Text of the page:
How do I start? I mean, when your world has just been blown into tiny bits and your heart has been ripped from your chest, how do you keep going? How do you stop the ever flowing acidic tears? How do you stop feeling your heart being ripped out over and over? How do you keep living?
The night my husband of five years, partner and support system for eight, walked out on me, these questions played in my mind. As I sat in the shower, water so hot my skin was blister red, I asked myself how? I faced the water and let it burn my face so I couldn't feel the tears run down. After all, if you can't feel them are you really crying?
Finally I couldn’t keep the words in, and screamed them out into the universe. How can I go on? How could he leave me? What am I supposed to do now? I screamed and cried until the water was cold and no longer hid the burn of my tears.
I stepped out of the shower, the first one I'd taken alone in years, and I’m sure the first of many more to come, into the cold of our bedroom. Well, now it was MY bedroom. I looked around. Everything seemed to still be there, to still be normal. Except it felt so empty; in less than 4 hours all the love and warmth was sucked out.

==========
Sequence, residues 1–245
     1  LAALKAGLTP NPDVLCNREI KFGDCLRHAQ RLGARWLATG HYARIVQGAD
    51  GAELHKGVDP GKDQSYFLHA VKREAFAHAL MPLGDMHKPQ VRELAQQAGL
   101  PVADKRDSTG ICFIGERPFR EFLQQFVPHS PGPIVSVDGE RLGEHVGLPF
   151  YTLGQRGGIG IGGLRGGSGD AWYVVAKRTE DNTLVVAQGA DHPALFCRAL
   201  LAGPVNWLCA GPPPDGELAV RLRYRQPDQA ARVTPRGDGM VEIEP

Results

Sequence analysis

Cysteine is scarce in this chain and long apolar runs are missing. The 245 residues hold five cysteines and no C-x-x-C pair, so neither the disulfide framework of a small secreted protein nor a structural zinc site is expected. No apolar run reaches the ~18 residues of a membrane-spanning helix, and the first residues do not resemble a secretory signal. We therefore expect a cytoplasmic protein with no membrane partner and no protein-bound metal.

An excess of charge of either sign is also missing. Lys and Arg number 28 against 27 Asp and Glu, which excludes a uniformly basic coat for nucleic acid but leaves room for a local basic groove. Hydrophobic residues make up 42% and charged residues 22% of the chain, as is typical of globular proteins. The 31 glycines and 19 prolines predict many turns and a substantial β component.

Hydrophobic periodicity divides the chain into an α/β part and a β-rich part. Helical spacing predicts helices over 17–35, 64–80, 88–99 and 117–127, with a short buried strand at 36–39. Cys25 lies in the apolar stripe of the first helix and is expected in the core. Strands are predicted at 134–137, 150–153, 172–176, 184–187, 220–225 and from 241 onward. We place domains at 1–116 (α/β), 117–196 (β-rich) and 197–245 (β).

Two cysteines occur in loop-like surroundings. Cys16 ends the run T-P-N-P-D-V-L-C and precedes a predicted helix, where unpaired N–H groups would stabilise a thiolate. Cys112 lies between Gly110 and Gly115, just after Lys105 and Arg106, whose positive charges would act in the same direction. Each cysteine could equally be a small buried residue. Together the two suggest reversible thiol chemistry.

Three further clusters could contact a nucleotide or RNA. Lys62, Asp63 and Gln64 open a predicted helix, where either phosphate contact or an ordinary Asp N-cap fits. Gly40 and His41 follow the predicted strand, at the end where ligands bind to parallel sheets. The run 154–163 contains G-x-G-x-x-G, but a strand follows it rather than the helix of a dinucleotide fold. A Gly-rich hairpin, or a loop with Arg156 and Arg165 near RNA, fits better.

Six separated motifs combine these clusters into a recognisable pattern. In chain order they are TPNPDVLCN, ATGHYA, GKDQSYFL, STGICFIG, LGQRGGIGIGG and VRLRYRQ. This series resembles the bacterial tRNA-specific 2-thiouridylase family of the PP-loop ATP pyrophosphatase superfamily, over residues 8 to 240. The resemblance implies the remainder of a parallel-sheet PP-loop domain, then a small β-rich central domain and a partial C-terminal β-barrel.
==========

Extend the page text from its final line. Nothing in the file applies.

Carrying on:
I trudged, still dripping wet, with my bath towel around me to the bed and climbed in. I grabbed his pillow, burying my face into it and cried. Taking in his smell, I cried harder. In between fits of crying and rage, I punched his pillow as if it were his face, cursing him for destroying me, our family, our life. Then I screamed just to scream because I felt like I might explode from all of the pain and emotion that I did not know how to process.
As I lay there that night, I just wanted to be left alone, but I also wanted someone to comfort me. Not a friend or comfort from a relative, but I wanted the comfort of the very one who was causing all of my pain. Isn't it funny? How the heart and the mind can be so out of tune with each other? You can make your mind change its way of thinking and even look at things rationally, but oh the heart! It's not so easy to make the heart forget, make it realize it is broken. Because it still yearns for what is familiar, and what it knows. Re-training the heart to a new normal is hard and for most of us, extremely time-consuming. Resetting the heart is like resetting a bone, you have to break it to make it better and stronger.
At some point that night, it was actually closer to morning, after a couple of bottles of wine, I realized I had some preparations to do. I knew from past breakups and divorces that I would have dreams and wake up in full-blown panic attacks, uncontrollably crying not-able-to-breathe hysterical panic attacks.
The dreams always go one of two ways: